Two-time Olympic champion Ted Ligety plans to retire from World Cup ski racing after the world championships.
Ligety's final race will be the giant slalom on February 19 in Cortina d'Ampezzo, Italy.
Known for his smooth, technical racing, Ligety won a surprise gold medal in the combined at the 2006 Turin Olympics and another gold medal eight years later in the giant slalom at the Sochi Games as the favourite.
The American's storied career also includes five wins at world championships, 25 World Cup victories and five season-long World Cup giant slalom titles. Ligety's dominance in the giant slalom once led Austrian skiing great Marcel Hirscher to pronounce him "Mr GS."
The retirement plans of the 36-year-old Ligety include spending more time with his family at home in Park City, Utah.
Ligety began his World Cup career on November 22, 2003, with a giant slalom race in Park City. He didn't qualify for a second run in an event won by Bode Miller.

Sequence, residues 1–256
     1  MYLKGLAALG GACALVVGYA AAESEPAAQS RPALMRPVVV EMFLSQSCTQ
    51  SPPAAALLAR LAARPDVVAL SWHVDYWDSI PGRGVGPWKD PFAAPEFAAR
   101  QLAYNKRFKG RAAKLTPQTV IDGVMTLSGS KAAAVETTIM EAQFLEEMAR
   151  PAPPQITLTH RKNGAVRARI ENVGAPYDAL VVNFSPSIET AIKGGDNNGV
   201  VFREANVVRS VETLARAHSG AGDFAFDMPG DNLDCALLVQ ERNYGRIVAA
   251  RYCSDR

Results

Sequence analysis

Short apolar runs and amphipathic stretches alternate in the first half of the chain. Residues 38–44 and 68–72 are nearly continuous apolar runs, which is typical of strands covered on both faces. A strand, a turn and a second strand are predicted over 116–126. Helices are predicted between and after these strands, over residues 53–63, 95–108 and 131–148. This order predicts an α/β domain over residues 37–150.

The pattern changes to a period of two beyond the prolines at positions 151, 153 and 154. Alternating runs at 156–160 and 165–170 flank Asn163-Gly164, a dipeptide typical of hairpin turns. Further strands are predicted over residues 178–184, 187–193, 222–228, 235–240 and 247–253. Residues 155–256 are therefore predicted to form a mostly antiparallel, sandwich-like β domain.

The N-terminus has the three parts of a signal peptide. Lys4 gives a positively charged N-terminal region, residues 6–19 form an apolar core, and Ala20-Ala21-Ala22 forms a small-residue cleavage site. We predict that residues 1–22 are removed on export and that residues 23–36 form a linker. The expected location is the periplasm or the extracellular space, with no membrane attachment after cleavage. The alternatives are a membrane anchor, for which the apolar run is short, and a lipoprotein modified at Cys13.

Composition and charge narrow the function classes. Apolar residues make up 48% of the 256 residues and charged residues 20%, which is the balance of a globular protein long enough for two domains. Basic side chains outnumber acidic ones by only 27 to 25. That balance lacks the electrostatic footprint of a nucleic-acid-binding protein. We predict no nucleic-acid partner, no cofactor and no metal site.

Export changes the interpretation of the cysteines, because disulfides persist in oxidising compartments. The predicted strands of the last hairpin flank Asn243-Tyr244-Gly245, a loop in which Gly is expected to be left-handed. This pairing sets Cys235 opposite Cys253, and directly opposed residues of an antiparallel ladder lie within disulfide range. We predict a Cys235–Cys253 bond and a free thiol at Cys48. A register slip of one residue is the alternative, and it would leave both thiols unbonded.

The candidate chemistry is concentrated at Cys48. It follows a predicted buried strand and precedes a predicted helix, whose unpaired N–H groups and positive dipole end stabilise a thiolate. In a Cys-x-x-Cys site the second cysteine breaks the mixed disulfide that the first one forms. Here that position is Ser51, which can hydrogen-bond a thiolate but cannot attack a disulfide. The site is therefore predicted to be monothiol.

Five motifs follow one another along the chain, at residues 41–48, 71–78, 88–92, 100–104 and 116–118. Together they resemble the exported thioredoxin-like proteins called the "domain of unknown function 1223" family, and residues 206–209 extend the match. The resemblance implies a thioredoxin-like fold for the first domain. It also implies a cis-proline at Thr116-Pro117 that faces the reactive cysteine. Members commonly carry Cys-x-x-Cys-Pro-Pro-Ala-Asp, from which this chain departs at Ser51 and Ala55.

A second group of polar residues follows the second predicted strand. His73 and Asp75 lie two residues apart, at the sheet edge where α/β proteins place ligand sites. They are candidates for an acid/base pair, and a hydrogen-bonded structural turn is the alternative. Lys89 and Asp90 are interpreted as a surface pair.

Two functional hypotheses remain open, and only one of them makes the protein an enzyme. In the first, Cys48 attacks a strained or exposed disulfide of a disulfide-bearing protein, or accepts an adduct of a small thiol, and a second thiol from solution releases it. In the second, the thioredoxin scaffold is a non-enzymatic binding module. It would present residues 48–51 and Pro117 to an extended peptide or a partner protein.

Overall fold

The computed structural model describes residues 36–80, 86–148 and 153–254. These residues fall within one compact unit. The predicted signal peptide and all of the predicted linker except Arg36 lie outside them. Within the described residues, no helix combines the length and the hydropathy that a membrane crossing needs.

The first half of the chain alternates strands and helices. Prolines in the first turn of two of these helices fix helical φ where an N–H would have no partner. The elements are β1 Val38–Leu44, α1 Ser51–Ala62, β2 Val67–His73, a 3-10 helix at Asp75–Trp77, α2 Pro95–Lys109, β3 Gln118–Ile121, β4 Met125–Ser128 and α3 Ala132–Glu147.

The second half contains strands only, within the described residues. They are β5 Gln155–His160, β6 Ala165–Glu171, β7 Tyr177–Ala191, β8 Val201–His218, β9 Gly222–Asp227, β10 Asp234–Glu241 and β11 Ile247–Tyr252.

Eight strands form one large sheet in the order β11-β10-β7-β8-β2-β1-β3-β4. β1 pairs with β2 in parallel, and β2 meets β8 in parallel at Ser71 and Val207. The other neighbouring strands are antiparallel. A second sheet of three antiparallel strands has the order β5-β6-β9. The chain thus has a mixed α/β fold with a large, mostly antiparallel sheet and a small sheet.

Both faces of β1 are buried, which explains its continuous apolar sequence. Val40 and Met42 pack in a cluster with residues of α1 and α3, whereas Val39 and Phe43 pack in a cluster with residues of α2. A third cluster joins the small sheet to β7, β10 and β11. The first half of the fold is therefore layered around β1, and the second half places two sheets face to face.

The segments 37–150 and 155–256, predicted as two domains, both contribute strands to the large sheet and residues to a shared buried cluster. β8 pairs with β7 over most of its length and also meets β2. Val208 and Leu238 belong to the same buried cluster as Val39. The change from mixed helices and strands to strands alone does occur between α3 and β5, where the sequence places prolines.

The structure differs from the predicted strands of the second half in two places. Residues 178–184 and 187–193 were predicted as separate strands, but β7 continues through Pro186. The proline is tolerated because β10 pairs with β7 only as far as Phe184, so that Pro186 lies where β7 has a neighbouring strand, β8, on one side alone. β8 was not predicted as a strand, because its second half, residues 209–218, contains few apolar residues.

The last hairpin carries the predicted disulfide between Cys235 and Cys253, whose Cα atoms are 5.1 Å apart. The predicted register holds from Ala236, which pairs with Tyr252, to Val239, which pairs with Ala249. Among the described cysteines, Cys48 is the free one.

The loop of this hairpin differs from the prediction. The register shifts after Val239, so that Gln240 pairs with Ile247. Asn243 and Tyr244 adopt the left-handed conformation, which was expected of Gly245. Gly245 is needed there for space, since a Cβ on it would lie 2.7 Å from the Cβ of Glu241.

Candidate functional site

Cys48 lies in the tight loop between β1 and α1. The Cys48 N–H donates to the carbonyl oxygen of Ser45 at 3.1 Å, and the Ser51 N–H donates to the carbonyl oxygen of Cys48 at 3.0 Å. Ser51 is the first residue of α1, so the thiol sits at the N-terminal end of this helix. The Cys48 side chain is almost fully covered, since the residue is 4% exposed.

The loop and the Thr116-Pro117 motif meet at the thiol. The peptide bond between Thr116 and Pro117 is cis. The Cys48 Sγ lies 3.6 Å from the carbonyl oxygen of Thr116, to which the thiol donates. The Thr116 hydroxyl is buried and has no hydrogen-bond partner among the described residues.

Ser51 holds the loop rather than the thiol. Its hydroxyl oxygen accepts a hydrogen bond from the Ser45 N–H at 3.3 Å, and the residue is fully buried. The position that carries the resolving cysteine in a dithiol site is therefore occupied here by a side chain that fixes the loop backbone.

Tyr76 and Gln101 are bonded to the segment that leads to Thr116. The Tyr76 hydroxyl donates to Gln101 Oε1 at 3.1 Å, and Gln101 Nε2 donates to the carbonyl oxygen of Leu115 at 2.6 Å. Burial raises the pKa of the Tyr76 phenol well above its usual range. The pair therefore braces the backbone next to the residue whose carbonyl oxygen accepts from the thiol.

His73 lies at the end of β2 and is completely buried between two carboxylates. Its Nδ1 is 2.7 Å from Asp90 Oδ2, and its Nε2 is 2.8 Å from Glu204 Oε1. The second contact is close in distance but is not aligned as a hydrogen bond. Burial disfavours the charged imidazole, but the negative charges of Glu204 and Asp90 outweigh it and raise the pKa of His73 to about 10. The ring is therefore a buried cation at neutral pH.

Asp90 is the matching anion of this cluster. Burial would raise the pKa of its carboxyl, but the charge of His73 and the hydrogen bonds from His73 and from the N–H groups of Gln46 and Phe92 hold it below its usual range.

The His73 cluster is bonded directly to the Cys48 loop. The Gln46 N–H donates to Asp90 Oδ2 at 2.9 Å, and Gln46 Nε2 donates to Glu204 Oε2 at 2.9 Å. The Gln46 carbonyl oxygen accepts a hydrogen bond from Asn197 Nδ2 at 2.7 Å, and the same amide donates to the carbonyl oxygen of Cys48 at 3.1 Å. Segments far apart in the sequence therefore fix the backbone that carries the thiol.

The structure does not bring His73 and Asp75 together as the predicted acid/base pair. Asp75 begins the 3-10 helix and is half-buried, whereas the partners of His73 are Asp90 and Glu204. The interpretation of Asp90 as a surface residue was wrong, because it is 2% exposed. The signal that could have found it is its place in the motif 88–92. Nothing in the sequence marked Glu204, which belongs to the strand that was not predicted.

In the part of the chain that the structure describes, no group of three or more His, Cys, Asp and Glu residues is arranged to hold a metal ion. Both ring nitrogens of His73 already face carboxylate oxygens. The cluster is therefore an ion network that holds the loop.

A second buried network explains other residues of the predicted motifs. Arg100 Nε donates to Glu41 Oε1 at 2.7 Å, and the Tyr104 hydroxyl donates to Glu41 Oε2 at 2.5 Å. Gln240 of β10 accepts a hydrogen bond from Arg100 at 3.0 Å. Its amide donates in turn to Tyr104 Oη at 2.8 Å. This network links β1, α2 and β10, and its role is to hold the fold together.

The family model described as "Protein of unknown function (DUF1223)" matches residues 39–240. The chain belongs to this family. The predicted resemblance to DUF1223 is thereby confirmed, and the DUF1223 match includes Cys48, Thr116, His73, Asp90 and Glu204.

Over his career, Ligety has made 336 World Cup starts and finished on the podium 52 times spanning all disciplines. That all-around versatility has long been a point of pride for Ligety, who started skiing at two and racing by 11.
He still may drop into a competition every once in a while on the World Pro Ski Tour, a unique circuit featuring a format of side-by-side racing at venues closer to his home.